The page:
It was already bright morning when I awoke to the sounds of a low-pitched prayer. It was my friend, the European gentleman, still sitting at the head of my bed and watching over me with concern. I tried to sit up but was gently pushed down again and told in an anxious voice: “You have high fever. You were delirious last night. Please do not get up yet. Continuous prayers are being offered at the shrine of Bhagavan. He will soon make you alright.” Settling me comfortably back in bed, he resumed his chanting. I listened carefully to the sounds and syllables. He was chanting Om Namo Bhagavate Sri Ramanaya. As my eyelids again drooped heavily, I suddenly perceived Bhagavan Ramana’s benevolent figure clearly in the bright rays of the sun entering the hut. Soon the hut seemed to be filled with effulgent images of Bhagavan. It was as if each time “Om Namo” was chanted the words created another image of Bhagavan. It was an unforgettable supernatural experience.

I looked at my host. Tears were pouring from his eyes. I looked at his tears and felt them washing my troubles, doubts and sins away. I felt clean, liberated. And without any volition on my part, the story of my life poured out of me. My host sat listening quietly. At the end of the narrative he said calmly: “Now you will be all right. Your treatment is in the able hands of an expert doctor. You took the correct decision when you made up your mind to come here.”

Then, in his courteous and graceful manner, he told me his story. He was Arnold Sedderling, a Polish citizen. On May 21, 1935, he had left home when his doctor told him that he was suffering from a malignant growth in the intestines and that he had only another eight months to live. Sedderling had discontinued all treatment and decided to die in peace and solitude.

“One of my greatest wishes was to meet Sri Ramana Maharshi before the end came and learn from him all about birth and death,” said Sedderling.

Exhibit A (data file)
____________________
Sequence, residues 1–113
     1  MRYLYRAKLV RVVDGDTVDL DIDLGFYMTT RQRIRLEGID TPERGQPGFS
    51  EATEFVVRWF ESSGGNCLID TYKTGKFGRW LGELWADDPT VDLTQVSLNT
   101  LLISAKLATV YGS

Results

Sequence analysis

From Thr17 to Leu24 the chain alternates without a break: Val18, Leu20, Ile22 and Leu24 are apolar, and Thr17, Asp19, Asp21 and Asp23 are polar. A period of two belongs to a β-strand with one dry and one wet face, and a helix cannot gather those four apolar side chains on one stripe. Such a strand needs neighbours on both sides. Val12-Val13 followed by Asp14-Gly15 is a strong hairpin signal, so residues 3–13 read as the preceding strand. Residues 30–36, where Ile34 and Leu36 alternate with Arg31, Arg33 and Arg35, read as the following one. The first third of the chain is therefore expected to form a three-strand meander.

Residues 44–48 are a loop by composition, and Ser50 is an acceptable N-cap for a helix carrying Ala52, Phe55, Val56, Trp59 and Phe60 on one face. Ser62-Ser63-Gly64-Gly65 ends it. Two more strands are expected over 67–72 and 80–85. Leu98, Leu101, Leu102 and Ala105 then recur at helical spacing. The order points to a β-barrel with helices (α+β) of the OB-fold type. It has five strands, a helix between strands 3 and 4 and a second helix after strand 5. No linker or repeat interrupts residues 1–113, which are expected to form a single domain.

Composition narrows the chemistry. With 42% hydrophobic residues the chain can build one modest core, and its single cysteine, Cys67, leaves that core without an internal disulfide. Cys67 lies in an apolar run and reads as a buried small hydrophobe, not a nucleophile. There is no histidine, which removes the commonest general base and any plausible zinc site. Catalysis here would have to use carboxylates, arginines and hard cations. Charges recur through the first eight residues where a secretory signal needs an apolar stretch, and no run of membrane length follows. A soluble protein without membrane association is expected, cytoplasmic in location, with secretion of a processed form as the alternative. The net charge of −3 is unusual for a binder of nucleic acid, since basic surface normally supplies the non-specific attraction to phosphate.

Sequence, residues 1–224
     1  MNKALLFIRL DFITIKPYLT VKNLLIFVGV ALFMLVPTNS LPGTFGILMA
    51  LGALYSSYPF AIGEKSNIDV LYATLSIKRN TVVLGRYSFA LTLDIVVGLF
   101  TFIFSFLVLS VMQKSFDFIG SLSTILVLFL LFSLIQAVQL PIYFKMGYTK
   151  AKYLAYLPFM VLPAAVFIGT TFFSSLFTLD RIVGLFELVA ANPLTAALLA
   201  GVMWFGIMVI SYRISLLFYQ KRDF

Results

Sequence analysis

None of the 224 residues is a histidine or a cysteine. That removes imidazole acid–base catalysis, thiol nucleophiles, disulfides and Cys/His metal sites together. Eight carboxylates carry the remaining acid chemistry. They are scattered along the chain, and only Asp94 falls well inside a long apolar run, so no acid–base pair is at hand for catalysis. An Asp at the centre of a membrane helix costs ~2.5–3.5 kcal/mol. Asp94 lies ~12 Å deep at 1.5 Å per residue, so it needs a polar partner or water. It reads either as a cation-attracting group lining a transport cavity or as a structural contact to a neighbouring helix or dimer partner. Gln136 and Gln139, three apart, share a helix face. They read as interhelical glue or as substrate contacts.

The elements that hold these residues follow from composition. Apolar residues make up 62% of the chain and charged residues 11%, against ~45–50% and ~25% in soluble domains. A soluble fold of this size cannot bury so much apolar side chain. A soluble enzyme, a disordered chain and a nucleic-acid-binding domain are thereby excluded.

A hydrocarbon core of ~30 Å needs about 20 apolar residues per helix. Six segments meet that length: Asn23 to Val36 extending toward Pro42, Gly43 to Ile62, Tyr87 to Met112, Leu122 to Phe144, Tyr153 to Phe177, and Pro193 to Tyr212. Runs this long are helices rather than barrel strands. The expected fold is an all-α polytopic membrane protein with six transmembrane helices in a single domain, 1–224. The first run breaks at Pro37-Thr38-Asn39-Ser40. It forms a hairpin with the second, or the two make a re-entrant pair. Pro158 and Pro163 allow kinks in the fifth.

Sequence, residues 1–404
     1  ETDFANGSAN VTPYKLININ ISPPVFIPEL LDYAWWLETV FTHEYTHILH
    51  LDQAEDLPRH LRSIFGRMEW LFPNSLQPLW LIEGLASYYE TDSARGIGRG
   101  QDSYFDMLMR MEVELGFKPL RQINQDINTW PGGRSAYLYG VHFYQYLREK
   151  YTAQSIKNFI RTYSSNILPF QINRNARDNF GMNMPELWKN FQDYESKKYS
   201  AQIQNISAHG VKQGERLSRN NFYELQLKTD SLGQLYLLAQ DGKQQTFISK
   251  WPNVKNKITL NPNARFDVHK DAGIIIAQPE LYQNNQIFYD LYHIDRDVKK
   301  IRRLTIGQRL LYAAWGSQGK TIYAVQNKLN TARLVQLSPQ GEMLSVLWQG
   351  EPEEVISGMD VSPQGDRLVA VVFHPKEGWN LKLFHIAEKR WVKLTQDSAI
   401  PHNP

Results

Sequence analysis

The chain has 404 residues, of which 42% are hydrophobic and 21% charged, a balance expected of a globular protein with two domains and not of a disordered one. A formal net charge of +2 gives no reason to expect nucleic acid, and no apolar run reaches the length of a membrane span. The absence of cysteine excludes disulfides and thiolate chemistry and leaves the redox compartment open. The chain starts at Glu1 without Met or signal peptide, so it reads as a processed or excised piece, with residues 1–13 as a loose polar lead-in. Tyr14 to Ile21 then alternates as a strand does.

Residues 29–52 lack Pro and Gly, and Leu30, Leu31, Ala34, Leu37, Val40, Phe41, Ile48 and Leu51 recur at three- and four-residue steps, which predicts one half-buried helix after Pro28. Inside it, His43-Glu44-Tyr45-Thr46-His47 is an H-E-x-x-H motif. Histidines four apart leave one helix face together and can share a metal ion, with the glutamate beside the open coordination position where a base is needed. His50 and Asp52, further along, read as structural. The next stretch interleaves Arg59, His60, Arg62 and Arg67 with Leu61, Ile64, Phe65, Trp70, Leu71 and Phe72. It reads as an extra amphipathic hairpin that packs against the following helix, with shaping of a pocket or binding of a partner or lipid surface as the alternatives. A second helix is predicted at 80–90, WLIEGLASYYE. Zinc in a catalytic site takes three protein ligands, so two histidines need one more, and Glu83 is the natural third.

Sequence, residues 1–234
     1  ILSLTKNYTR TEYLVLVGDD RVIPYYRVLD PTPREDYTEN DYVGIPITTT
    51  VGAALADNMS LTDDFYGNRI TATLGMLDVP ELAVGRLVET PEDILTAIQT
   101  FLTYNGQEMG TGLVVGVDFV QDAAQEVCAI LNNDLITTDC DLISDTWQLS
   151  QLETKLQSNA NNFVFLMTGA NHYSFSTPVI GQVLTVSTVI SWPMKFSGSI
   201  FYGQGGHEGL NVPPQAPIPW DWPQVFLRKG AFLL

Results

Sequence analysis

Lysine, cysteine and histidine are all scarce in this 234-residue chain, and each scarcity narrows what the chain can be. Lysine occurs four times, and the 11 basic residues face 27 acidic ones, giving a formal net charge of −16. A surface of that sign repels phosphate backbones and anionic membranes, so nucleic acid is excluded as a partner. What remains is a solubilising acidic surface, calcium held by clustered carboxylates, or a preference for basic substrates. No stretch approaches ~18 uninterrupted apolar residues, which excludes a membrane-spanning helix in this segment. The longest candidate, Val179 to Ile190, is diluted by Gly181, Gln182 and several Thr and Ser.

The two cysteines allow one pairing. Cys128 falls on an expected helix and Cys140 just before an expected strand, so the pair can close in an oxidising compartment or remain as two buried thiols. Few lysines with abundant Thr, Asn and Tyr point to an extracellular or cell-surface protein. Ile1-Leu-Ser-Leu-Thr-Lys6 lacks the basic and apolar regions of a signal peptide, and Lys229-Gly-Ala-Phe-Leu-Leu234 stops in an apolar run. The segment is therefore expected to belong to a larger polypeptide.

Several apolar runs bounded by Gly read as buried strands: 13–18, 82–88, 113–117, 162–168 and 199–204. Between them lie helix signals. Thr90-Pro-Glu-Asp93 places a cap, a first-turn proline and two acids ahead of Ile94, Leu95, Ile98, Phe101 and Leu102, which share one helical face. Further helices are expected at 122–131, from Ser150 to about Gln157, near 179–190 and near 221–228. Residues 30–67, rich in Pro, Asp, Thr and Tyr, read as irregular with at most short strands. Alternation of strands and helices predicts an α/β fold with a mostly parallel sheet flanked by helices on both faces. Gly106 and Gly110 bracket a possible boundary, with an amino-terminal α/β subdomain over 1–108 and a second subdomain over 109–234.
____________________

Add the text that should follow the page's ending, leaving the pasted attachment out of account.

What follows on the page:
He had disembarked at Bombay and come to Mahabaleshwar. His health, in the meanwhile, had deteriorated further. One day, feeling extremely weak and tired he had come out of his hotel and entered the Mahabaleshwar temple. He had stood in a corner leaning against a pillar watching the Shiva Linga being bathed continuously by the waters of the sacred rivers.

“Suddenly,” said Sedderling, “I saw Bhagavan Ramana Maharshi himself standing in the place of the Sivalinga. Was it a hallucination? I wondered. Rubbing my eyes again and again, I looked intently at the spot. It was true, it was indeed Ramana Maharshi for whose darshan I had come all the way from Poland in my helpless physical condition. I also saw his extended hand of protection and heard him say to me: ‘Stay here. I shall come here for your sake’.”

That was his experience.

For another two days I stayed with Sedderling. Then as soon as my fever subsided, I returned to my hotel in Mahabaleshwar. In the next three weeks, I regained my old vigour and felt fit and happy. I went to see Sedderling once again but missed him as he had gone out to distribute medicines to the tribals, a service he had dedicated himself to. Coincidentally enough, that day was May 21 which was his 75th birthday as well as the day he had left home – the great ‘out-going-day’ in his life. With all his other activities, however, he had promised himself that he would visit Sri Ramanasramam every year to have darshan of Bhagavan. “And I return every time,” he had said to me, “with a fresh understanding of life.”

Afterwards when I went in search of Sedderling in 1975, I could not find him. Six or seven months later he visited my house en route to Poland to get his books published. Two of his books were on Ramana Maharshi written in German. I do not know when he returned to India. Letters to his sister simply elicited the reply that Sedderling had returned to India to spend his days incognito.

My desire to see him again brought Sedderling to my home one day, but strangely, I was away at Ramanasramam that day. By the time I returned he had already gone back to the Ashram. We could not meet each other. Nevertheless, I have no doubt we will certainly meet again one day, somewhere, somehow because our association is part of a triangular integrality, the third side holding us together, being none other than he who had brought us together – Bhagavan Ramana.